My initial review was openly hostile and I attacked Wilson for failing to prove his case for a classical education. To be fair, that wasn’t his thesis, so I have modified some things.

Of his general definition of education I have no problem with. Education is a passing down from one generation to another. The rest of the first half of the book is worldview talk. Take it or leave it for what it is. I do think he sometimes confuses “neutral” (which is bad) with “common” (which is good).

Around page 39 he starts to torpedo his own project. Wilson is committed to “biblical absolutism,” which sounds great. After mocking old earth Christians, he then walks into a trap he set for himself. The larger context is God’s two books, Bible and Nature. The Bible should interpret nature. That sounds great. Wilson then raises the question (which he fails to answer), “What about geocentrism, since the bible clearly speaks of a stationary earth?” He says the clear should interpret the unclear. That’s great, but it tells me nothing on who gets to determine what is clear and what isn’t.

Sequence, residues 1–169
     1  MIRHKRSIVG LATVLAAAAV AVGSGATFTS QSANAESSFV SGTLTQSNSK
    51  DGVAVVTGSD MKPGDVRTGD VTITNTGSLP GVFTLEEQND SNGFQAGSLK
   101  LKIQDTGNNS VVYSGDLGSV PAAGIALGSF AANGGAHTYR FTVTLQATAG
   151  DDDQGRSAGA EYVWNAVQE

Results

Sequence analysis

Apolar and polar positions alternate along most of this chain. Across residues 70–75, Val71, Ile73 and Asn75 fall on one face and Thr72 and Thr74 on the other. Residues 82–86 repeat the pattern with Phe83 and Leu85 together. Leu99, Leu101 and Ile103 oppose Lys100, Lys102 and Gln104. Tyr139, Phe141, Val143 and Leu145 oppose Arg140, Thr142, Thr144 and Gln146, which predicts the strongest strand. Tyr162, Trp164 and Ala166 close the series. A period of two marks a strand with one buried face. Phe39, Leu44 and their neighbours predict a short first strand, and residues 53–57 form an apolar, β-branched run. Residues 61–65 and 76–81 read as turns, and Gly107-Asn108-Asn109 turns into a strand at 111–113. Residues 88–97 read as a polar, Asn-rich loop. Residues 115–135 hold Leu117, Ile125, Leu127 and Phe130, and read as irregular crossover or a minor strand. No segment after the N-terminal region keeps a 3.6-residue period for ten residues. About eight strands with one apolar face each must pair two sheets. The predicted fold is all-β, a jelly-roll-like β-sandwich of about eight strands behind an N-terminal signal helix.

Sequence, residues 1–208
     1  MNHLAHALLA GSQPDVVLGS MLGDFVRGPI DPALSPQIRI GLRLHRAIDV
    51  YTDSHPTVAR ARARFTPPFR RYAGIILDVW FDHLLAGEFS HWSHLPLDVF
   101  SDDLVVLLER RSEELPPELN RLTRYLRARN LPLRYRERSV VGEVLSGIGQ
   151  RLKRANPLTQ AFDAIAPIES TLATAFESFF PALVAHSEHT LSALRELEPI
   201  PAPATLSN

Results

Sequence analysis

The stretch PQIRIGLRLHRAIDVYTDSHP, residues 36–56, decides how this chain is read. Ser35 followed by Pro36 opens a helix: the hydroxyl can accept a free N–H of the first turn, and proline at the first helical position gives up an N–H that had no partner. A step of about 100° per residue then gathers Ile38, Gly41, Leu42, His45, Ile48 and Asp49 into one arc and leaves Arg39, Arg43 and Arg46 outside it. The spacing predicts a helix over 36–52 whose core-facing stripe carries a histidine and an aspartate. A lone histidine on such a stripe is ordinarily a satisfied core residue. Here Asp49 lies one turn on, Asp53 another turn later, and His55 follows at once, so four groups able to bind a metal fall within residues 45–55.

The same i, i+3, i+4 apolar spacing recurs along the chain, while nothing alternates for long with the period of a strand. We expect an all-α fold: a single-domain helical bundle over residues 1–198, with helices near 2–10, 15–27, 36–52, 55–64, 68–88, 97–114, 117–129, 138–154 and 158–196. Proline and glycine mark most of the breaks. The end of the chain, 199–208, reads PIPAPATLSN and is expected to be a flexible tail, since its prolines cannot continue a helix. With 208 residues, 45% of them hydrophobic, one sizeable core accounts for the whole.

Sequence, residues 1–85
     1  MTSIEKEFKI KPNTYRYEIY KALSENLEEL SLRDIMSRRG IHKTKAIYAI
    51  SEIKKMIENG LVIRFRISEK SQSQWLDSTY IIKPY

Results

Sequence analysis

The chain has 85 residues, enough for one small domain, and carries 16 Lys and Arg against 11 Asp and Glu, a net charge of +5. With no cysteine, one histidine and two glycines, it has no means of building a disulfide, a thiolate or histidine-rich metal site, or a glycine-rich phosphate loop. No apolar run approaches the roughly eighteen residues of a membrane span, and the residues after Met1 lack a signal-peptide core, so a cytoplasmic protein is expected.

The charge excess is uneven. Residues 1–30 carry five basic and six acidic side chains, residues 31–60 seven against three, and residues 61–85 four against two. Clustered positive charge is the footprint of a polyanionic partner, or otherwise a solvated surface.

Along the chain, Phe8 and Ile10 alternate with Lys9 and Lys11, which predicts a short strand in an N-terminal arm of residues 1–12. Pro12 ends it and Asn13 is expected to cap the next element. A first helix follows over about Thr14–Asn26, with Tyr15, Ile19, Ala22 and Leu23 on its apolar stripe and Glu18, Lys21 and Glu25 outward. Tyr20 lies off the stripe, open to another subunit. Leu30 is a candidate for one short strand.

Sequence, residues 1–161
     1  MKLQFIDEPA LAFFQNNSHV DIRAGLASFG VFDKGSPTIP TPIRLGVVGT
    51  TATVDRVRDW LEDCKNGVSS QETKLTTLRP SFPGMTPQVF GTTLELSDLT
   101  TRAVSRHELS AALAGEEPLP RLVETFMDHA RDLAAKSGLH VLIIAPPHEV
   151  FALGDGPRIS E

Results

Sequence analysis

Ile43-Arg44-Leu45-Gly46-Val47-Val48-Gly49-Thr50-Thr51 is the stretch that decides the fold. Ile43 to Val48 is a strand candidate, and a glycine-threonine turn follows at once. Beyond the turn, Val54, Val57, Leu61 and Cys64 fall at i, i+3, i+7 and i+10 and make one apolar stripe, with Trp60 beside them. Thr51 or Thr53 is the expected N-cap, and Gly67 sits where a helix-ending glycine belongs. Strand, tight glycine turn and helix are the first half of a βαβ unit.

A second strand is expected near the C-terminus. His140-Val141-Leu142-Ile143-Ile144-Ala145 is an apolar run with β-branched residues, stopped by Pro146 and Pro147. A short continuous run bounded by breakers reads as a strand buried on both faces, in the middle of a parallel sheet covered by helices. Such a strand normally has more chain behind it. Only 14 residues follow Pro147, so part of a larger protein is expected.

In fact, the more I reread page 41 I couldn’t see any reason to suppose that Wilson isn’t a geocentrist. It’s rare that you get to watch an author shoot himself in the foot.

The next chapter on covenant nurture could read as a defense of homeschooling, which is odd since Wilson isn’t really a fan of homeschooling. Around page 56 he hints at a defense of classical education: you have to have a classical education because other models are sectarian. That’s rich, coming from Moscow. Classical education, by contrast, offers a robust Trinitarian education. I’m not sure why he thinks classical alone gives that. When we homeschooled my daughter I can assure you it was Trinitarian.

He says Christian education is too important to be relegated to the edge of town (56). I’m not sure what that has to do with the price of tea in China. He ends with a great quote from Eric Hoffer that is so rich in irony that I will just leave it as it is: “First you have a movement, then a business, then a racket.” Indeed.

Federal Vision’s bad Trinitarianism

Leave aside the abuse scandals.  Leave aside justification by faithfulness alone.  Let’s just take the Trinity.